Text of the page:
While Barlow’s K/BB ratio did decrease from 4.33 in 2020 to 3.25, his FIP, according to Baseball Reference, was only 2.63, which is the first time in his Major League career it has been under three. He also wowed fans with an effective pair of breaking balls, as his slider generated a 44.2 percent whiff rate, and his curve ball generated a 42.2 percent whiff rate, according to Baseball Savant.
Here’s an example of Barlow making White Sox batters look silly with his breaking pitches back in May at Guaranteed Rate Field in Chicago:
For the past two years, Barlow has been the Royals’ most dependable and effective reliever, which says something considering that the Royals bullpen was stronger on an ERA basis (19th in ERA) than their starting pitching (24th in ERA) this season. Additionally, many Royals relievers went through their fair shares of ups and downs this season, much to the dismay of Royals fans and management. Kyle Zimmer looked like he could be “closer” or at the very least “setup” material, but then the “sticky ban” rules cracked down, and Zimmer looked like a different pitcher for the remainder of the year. Furthermore, Brentz, Staumont, and Greg Holland all had their flashes this year, but they all went through their fair shares of either struggles or injuries or both this season.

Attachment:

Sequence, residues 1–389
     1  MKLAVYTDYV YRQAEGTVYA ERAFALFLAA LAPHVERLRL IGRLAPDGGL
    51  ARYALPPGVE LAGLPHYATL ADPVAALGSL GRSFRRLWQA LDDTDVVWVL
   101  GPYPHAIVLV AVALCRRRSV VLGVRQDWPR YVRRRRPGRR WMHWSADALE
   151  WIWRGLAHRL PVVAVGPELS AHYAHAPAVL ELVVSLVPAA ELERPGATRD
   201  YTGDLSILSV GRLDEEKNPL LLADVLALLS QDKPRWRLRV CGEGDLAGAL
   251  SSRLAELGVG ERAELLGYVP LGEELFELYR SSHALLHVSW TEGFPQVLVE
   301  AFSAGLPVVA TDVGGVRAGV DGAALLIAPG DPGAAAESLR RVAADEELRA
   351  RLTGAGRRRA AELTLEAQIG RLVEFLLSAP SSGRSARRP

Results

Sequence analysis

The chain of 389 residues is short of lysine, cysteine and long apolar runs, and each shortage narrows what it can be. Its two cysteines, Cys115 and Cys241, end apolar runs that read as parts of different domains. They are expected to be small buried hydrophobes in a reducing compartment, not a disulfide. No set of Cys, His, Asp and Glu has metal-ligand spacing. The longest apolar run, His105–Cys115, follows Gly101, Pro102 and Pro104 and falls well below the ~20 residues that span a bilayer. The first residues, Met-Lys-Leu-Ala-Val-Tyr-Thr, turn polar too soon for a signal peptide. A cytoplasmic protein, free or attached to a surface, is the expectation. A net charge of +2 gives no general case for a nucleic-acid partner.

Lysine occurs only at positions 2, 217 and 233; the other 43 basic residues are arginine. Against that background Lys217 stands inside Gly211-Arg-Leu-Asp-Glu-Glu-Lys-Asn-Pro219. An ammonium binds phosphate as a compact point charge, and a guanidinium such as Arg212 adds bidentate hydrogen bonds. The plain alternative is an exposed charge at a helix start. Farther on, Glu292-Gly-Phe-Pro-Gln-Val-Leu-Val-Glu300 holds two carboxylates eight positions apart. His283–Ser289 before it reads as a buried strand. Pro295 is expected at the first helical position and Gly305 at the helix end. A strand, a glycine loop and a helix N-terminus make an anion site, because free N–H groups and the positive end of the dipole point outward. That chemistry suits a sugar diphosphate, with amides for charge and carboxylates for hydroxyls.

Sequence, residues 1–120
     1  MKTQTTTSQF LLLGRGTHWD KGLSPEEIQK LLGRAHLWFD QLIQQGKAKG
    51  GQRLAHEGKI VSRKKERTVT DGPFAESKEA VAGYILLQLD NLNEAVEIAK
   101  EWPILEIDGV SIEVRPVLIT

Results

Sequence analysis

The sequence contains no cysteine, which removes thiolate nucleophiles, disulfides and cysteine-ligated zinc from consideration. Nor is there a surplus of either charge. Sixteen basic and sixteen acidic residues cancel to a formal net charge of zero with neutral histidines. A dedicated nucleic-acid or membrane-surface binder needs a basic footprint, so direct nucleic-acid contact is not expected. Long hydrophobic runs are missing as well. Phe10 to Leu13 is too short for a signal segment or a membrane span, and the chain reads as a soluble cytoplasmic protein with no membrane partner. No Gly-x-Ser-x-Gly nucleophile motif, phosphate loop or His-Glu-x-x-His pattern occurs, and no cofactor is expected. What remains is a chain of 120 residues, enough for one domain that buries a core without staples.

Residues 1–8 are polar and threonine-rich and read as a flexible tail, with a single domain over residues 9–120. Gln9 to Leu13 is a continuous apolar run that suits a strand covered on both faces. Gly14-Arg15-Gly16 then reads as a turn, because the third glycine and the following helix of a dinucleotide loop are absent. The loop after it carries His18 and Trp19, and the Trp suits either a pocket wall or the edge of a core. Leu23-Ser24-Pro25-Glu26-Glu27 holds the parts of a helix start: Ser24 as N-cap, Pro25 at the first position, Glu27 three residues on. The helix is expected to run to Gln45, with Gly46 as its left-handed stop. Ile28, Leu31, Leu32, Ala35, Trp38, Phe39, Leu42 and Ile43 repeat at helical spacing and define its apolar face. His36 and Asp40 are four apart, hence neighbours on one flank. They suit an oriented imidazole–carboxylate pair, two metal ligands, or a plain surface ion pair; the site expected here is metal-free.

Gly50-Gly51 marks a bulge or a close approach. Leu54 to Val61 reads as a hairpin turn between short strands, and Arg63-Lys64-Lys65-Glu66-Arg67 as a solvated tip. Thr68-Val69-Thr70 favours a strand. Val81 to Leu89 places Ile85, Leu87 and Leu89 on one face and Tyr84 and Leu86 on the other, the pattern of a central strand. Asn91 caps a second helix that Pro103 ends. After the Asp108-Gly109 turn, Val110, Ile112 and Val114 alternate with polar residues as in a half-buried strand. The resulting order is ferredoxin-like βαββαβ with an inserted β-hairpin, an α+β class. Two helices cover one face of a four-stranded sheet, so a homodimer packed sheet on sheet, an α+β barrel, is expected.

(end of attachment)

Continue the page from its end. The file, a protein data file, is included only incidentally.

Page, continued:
Will Barlow make Royals fans forget about 2014 Greg Holland? Or 2015 Wade Davis? Probably not. It is unlikely that Barlow will produce a much better season in 2022 than what he did in 2021, especially considering his age (he will be 29-years-old), and with the slight regression in K/BB ratio, which can be a telling sign for long-term success for pitchers. That being said, Barlow at time single-handedly kept this bullpen respectable and pitching staff afloat in 2021, and he deserves recognition for this, even if he wasn’t the Royals’ most overall important player on the active roster this season.
First Runner Up: Nicky Lopez, Shortstop
Back on Opening Day, with the group of friends I was tailgating with, we made some “preseason” predictions. My bold prediction, among many, was that Nicky Lopez would finish the 2021 season at the Royals’ starting second baseman.
At the time, it seemed a bit wild, especially considering how much Nicky struggled at the plate in 2019 and 2020, and the fact that he was demoted momentarily in Spring Training before getting called up days later to replace Adalberto Mondesi as the Royals’ Opening Day shortstop.